Elisabeth McClure

PhD Candidate in Psychology, Georgetown University
St. John’s College (MD), Class of 2008
Elisabeth McClure Headshot

​​After years working in laboratories, I've come to believe that good scientists are characterized not simply by expertise, but by strength of character. Recognizing my own ignorance, asking good questions, and valuing failure are incredible challenges – ones that my liberal arts education at St. John's College prepared me to meet.​

Science only makes true progress when ignorance is acknowledged. In the laboratory, there are no answer keys or grades, the outcome of experiments can be unclear, and no one can tell you with certainty whether you're heading in the right direction. This is a humbling experience, especially given the emphasis that traditional education places on finding the right answer. The liberal arts taught me to savor that feeling of uncertainty – every great author I read at St. John's started in ignorance and set out to understand. Each was part of a continuous human struggle to discover what is true and to define what truth is in the first place. This struggle is still ongoing, and I am a part of it.
Asking good questions is a skill that takes great time and effort to acquire. You need patience and guidance to learn to stick with one question rather than asking ten others at the same time, to pare down that question to its essence in order to achieve maximum insight, and to persevere when an answer is not easily forthcoming. This is a lifelong practice, but I have had the best teachers to guide me: Authors like Euclid and Kant have given me unparalleled models to follow, and puzzling through their works with my peers was invaluable practice.
Yet, for all this preparation, failure is still one of my most treasured experiences. It leaves me in awe, and I can think of no better seed for further thought. At St. John’s, I often found myself blissfully unaware of my own false assumptions until I offered them aloud to others. Failure became a revelation, a way to purge myself of unknown errors in a community of supportive learners. I discovered that revolutions in thought, both personal and historical, are often the result of this process. My liberal arts education taught me that failing to achieve expected results is not failing outright, but is an opportunity to mark a new beginning of inquiry.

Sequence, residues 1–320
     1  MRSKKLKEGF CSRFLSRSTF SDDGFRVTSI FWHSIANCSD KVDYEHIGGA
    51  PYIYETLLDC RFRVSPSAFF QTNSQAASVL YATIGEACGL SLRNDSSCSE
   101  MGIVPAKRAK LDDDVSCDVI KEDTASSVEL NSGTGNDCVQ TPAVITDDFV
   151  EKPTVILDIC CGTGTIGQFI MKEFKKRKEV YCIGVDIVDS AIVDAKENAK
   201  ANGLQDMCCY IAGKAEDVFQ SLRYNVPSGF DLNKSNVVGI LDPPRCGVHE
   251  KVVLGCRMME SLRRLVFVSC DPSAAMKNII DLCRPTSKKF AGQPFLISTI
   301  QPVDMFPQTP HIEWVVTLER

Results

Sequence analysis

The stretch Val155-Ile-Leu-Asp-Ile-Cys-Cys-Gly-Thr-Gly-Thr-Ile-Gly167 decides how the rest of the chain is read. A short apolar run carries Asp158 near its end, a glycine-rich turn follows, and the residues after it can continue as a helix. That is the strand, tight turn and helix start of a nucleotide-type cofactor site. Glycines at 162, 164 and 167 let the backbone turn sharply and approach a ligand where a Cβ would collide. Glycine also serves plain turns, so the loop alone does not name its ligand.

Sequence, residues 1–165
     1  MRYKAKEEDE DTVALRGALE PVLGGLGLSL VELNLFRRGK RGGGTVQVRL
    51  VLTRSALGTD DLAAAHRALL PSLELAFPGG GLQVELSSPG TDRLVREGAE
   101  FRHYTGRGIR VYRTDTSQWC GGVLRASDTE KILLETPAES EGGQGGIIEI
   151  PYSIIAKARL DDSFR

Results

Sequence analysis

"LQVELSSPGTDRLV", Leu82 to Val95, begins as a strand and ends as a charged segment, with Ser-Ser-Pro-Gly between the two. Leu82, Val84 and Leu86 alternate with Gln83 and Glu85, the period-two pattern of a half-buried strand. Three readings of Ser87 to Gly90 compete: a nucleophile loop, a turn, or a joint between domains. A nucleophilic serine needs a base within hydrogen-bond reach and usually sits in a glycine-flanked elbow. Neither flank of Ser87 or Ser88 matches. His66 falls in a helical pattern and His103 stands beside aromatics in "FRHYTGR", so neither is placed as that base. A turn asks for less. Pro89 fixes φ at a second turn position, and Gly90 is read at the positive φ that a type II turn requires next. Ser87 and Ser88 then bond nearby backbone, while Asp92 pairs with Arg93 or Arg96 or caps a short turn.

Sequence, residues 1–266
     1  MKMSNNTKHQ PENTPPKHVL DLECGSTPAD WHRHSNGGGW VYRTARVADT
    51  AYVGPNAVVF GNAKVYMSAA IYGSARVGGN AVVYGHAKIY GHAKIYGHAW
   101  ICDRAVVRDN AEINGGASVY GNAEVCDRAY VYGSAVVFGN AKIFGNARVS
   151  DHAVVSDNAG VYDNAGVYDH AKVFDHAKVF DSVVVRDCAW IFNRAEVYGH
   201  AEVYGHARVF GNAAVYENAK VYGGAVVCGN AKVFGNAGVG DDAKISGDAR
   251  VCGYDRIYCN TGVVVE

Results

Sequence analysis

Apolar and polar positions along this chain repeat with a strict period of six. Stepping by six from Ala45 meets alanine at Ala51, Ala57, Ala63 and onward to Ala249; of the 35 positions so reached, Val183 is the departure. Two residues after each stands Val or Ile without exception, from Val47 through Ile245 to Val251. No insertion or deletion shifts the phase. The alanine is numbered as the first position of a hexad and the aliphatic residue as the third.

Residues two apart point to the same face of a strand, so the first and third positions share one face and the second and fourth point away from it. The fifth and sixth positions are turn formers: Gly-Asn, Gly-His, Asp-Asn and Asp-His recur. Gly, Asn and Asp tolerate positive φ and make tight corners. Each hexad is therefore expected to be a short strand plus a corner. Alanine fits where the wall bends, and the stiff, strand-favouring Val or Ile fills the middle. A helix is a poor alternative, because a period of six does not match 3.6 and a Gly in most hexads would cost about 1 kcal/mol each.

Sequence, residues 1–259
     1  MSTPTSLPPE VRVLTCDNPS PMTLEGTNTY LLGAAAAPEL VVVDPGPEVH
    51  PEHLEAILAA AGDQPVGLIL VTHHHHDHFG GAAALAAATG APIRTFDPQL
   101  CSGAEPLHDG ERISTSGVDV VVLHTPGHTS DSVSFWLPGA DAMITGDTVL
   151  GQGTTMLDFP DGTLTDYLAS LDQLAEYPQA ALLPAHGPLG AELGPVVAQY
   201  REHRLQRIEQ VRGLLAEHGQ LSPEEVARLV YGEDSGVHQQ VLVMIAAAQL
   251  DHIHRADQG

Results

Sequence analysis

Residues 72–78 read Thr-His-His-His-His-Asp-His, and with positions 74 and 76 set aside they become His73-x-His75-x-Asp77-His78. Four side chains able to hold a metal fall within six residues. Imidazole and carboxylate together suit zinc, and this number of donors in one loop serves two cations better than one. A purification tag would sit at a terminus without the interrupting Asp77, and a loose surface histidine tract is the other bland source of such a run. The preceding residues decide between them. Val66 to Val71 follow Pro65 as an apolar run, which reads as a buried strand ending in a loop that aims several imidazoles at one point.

The goal of the liberal arts is not to pass information from one person to another but to turn students into free thinkers. Thinking for oneself requires active participation in the shaping of one's own mind. As a scientist, I've found that professional credentials and easy recollection of obscure facts are less important to my endeavors than the character required to function as a free thinking human being.

Elisabeth McClure is a PhD candidate in Georgetown University’s Department of Psychology, where she conducts research on children’s use of digital media. Her current research examines the emotional engagement of very young children during screen-mediated social interactions, like those simulated by children’s television programs or encountered in services like Skype and FaceTime. Prior to attending Georgetown, she was an English language assistant at a high school in France and worked as a laboratory manager in the Lifelong Brain and Cognition Lab at the Beckman Institute for Advanced Science and Technology. She received her BA in liberal arts from St. John's College and her MS in psychology from Georgetown University.